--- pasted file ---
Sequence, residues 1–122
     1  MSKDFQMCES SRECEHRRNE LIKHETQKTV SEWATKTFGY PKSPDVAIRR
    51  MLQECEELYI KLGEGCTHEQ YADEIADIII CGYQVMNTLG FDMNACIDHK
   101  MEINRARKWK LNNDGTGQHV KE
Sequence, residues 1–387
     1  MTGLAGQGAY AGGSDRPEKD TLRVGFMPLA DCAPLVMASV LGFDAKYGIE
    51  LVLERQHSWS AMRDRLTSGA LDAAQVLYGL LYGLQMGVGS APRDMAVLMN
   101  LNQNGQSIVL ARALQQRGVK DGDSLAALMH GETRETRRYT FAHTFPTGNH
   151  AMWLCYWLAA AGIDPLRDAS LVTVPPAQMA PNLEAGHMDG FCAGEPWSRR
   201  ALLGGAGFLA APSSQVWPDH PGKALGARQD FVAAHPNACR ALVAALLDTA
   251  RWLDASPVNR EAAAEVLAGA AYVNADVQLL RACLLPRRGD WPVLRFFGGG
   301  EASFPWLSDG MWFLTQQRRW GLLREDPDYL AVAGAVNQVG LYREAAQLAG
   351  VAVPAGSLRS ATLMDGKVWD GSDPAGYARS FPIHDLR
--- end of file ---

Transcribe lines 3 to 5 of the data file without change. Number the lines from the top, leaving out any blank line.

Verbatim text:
    51  MLQECEELYI KLGEGCTHEQ YADEIADIII CGYQVMNTLG FDMNACIDHK
   101  MEINRARKWK LNNDGTGQHV KE
Sequence, residues 1–387